Go to Court, Stay Out of Jail | News

Go to Court, Stay Out of Jail

by

comment

Durham County is testing whether reminding people about their upcoming court dates will reduce overcrowding at the county jail.

The new notification system will be funded by a $50,000 Safety and Justice Challenge Network Innovation Fund Grant from the John D. and Catherine T. MacArthur Foundation. It will be the only system of its kind in the state, says Gudrun Parmer, director for the Criminal Justice Resource Center, the lead agency on the project.

With the grant in, Parmer says Criminal Justice Resource Center staff decided to "do something very different and focus on our court system rather than the jail itself."

The optional Automated Notification System will send free text messages or phone calls to remind people of upcoming court dates. "There are a number of people in our county jail because of a failure to appear," Parmer told the Durham County Board of Commissioners Monday night before they unanimously approved a budget amendment to get the grant on the books.

Parmer said the project is in its early stages; CJRC hopes to have the notification system in place within the next three months. The pilot program is expected to run for a year while staff monitor how many criminal court dates are missed and how many people are jailed for failing to appear.

Typically, when a person misses a court date, their bond is revoked and an order for their arrest is issued. The person is then, in some cases, jailed under a higher bond because they missed court.

“People forget things. It’s only human,” Durham County Clerk of Superior Court Archie L. Smith, III said in a news release. “Medical providers generate appointment reminder calls to insure that health needs are timely met. We will provide reminder calls such that legal obligations can be timely addressed.”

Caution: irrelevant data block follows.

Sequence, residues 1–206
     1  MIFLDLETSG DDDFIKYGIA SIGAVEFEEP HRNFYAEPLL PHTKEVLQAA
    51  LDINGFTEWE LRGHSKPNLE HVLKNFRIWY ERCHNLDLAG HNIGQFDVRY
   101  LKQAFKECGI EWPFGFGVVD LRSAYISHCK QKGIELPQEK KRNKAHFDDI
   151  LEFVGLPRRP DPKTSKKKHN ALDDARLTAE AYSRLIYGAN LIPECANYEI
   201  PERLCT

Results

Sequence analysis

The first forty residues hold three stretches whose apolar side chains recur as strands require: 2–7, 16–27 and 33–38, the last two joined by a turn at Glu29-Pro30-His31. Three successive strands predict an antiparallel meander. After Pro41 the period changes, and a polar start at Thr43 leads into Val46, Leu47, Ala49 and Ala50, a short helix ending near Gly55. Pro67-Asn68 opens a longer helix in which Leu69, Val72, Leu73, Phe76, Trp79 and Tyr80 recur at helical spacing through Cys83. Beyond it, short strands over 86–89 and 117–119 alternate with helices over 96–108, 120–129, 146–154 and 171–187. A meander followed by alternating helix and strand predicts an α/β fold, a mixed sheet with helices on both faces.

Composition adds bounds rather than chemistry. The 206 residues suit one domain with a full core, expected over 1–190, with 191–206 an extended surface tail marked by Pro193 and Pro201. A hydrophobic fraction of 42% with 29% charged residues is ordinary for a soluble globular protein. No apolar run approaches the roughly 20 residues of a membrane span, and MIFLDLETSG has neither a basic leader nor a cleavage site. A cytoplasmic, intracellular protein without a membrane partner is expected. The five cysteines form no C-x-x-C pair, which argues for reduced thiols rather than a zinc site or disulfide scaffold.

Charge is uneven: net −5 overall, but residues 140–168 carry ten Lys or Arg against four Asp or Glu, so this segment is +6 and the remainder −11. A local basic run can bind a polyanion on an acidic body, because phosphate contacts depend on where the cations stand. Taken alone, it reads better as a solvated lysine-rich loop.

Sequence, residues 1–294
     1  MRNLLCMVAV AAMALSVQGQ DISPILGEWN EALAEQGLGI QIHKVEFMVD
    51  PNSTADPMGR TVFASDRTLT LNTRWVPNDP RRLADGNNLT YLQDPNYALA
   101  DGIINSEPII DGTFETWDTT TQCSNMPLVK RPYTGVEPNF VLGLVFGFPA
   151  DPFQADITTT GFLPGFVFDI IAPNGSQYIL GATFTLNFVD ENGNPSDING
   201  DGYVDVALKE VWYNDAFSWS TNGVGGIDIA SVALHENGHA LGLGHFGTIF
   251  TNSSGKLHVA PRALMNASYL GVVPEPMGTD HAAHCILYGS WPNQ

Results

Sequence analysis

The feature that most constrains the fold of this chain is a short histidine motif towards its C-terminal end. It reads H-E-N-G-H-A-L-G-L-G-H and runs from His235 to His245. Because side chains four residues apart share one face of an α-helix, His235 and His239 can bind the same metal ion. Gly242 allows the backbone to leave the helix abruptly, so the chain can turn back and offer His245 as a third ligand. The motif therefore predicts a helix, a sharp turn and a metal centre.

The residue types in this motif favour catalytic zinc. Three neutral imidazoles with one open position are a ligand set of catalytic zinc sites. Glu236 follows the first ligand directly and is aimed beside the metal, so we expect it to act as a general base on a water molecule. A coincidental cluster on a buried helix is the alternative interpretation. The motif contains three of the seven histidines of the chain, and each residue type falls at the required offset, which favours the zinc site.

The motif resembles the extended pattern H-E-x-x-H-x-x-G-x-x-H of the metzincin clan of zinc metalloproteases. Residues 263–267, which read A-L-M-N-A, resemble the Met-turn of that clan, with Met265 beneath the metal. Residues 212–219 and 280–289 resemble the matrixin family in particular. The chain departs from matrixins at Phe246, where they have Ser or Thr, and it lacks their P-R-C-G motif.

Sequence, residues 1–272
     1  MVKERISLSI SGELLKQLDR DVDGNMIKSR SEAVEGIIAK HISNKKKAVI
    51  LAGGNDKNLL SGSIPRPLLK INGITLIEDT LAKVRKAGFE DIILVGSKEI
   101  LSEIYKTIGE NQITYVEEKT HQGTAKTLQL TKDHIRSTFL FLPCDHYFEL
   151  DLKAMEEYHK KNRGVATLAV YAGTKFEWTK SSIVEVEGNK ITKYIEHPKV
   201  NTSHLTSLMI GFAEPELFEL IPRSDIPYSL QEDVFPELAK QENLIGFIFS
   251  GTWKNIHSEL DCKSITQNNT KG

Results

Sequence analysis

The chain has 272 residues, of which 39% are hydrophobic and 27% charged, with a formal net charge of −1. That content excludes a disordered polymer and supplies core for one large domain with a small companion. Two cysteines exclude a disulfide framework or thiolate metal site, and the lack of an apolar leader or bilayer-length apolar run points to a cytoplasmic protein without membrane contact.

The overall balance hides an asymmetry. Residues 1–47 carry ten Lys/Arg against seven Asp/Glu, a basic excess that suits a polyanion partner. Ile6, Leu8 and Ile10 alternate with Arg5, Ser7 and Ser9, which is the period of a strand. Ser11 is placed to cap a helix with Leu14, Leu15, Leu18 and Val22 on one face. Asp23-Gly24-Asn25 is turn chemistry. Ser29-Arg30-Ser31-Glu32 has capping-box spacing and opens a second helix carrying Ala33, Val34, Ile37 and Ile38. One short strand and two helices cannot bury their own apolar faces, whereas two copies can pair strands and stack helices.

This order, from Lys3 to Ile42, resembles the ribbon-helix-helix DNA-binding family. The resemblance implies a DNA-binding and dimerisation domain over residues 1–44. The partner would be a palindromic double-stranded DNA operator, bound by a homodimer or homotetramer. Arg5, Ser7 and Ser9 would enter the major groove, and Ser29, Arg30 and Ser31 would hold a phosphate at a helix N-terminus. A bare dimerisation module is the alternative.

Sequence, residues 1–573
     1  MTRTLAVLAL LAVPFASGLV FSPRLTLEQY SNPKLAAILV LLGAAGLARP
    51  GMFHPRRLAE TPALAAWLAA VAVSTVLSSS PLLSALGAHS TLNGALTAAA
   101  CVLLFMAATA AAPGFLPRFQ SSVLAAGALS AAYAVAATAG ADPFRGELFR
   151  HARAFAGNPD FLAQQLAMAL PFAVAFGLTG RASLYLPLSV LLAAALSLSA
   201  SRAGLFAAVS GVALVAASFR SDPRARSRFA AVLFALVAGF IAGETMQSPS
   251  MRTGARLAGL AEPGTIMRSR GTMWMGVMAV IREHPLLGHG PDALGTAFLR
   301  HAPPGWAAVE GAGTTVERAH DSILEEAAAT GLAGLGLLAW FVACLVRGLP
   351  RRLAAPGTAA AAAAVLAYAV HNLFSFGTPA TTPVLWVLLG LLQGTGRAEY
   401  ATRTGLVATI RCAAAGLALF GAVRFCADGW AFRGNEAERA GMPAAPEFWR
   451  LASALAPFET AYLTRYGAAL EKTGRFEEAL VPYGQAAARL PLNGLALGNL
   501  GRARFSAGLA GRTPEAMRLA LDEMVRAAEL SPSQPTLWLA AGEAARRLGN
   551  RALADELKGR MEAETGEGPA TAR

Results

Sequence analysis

County officials are hoping the system will save money. According to Commission Chair Wendy Jacobs, the county spends $110 per day to house one inmate at the Durham County Detention Facility.

Out of four hundred and fifty-nine people currently incarcerated there, eighty-two are listed as having failed to appear for court, including ten who have FTA as their only charge. According to jail records, two inmates have spent sixty-three days in the DCDF with failing to appear being their only listed offense.

Durham County was selected in February to join thirty-nine other communities in the MacArthur Foundation’s Safety and Justice Challenge. Buncombe County and Mecklenburg County are also participating.

The challenge aims “to reduce over-incarceration by changing the way America thinks about and uses jails,” according to the program's website.

The Criminal Justice Resource Center will partner with the Durham County Manager’s Office, Superior Court, District Court, the District Attorney, and the Public Defender’s Office to roll out the program.
Once it is up and running, people can sign up for the notification system in court or through their attorney. Parmer also hopes to roll out an online signup platform.


Add a comment